The company has scheduled a meeting for next week with members of the citizens’ group WIRE — Wolfe Island Residents for the Environment — to discuss the bird and bat kill numbers.

14 thoughts on ““Extremely high” bat, bird kills alarm Nature Canada

  1. It’s not the responsibility of the handful of residents on Wolfe Island to worry about this…this is a globally signficant IBA!

    Everyone should be deeply concerned about this. Gerretsen has blood on his hands.

  2. Now that the predicted destruction is a reality – it is time to immediately stop all development of Turbines anywhere near Important Bird Areas!

    This is another (not unexpected) blow to proponent driven process and computer modelling.

    Stantech’s professional reputation as an environmental consultant has been shattered. Everyday citizens predicted this outcome but the Stantech Environmental Assessments did not see it coming. They are either incompetent or complicit by falsifying reports.

    Both the developer and their “environmental” consultant should be facing charges – massive fines and the same type of criminal prosecution we are witnessing in Alberta over the Syncrude tailing pond case. After all, what is good for the Mallard must be good for the Bobolink!

  3. I’m not going to try to defend Stantec – I think at the very least they haven’t lived up to their professional obligations. But just to be accurate, if you read what they wrote during the ER’s (and I have, every last word) they said they didn’t know what the effects would be, and even occasionally injected some weakly-worded warning that was safely dismissible by the MOE etc. You can read over the history (or at least my version of it) at http://amherstislandwindinfo.com/wolfebirds.htm, which has links to the original material.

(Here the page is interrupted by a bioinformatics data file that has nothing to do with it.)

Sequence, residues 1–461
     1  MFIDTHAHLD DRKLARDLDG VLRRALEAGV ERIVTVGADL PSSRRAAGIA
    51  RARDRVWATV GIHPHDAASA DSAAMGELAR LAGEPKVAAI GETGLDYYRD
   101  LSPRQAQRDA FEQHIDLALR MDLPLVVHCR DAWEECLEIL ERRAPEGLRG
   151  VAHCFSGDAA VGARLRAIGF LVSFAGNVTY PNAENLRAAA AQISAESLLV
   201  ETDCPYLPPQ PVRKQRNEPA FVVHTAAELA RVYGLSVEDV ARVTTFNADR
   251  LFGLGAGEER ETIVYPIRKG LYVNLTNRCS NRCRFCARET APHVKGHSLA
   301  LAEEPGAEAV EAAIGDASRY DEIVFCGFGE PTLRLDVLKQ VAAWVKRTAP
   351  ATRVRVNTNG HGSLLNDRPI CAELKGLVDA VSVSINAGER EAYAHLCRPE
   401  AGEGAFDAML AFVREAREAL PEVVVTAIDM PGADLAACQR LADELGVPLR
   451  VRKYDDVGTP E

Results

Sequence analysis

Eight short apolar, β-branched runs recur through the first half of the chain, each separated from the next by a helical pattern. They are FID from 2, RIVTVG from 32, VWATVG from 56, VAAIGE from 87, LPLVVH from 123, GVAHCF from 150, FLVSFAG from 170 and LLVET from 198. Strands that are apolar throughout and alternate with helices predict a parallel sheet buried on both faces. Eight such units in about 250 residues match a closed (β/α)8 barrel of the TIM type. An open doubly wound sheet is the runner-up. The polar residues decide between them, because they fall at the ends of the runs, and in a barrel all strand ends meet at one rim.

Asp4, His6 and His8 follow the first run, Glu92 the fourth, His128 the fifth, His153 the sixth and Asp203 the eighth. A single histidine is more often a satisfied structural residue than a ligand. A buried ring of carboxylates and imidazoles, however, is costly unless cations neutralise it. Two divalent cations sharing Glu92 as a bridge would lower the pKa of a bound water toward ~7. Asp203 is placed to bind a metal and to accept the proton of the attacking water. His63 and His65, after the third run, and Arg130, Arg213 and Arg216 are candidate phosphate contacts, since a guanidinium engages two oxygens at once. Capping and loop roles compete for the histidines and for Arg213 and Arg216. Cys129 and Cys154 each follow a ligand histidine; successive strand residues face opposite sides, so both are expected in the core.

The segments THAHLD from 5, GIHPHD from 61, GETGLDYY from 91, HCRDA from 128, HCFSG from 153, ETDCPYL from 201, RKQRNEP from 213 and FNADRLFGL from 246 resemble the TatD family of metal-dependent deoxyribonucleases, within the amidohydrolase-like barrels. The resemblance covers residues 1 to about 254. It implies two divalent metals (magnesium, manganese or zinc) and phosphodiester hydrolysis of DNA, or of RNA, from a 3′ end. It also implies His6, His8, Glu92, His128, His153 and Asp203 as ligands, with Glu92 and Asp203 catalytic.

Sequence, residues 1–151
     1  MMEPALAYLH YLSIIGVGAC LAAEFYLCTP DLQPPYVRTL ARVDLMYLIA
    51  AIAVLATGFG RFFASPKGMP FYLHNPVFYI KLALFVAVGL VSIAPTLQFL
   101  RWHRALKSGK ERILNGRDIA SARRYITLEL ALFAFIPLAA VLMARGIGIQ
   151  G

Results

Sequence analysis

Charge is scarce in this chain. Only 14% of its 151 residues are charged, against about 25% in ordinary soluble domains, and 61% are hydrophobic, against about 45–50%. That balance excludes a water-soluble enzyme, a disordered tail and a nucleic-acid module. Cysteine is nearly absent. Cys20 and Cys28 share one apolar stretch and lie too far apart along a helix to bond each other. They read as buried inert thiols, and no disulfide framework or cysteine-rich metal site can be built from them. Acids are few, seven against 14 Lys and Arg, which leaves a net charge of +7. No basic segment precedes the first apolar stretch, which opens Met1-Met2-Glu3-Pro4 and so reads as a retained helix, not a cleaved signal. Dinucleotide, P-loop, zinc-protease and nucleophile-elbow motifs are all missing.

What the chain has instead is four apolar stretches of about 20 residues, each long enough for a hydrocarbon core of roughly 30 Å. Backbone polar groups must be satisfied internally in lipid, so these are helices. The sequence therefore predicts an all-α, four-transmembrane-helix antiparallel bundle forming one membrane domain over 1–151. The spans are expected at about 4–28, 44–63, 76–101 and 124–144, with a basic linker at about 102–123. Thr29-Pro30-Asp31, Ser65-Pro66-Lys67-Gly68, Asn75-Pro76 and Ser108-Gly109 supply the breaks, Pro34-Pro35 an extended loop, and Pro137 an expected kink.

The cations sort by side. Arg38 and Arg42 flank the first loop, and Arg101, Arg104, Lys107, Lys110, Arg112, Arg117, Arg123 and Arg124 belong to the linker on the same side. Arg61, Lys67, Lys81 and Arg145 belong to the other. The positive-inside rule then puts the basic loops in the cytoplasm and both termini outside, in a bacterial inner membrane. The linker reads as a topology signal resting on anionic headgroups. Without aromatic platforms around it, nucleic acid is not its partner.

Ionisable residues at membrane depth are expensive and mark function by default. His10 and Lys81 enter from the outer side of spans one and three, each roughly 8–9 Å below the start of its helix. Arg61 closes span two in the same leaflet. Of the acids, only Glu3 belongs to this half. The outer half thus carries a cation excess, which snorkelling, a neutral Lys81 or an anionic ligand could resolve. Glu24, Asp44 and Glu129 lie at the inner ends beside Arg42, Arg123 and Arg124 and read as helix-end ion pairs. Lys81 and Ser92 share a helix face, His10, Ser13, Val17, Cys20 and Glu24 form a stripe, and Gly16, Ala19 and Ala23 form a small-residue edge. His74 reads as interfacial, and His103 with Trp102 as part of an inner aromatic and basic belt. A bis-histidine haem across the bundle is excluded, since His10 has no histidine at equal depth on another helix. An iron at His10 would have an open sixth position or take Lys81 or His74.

That the MOE etc. were willing to proceed on that unknown is at least reckless, perhaps criminal. Kind of like what is going on with respect to health issues and co2 emission issues, both of which are also unknown.

    I think Stantec was blinded by the prospect of receiving their fees, shading their indeterminate conclusions to suit their employer. This is, sadly, not an uncommon human failing.

  4. It is time someone investigated the revolving door between the MOE, Stantec and the wind industry. A cursory glance will reveal that the wind industry is quick to snatch up young policy analysts from MOE and MNR after they have put in a few years with government. Great to have some insiders who know exactly how to “get around” government environmental restrictions.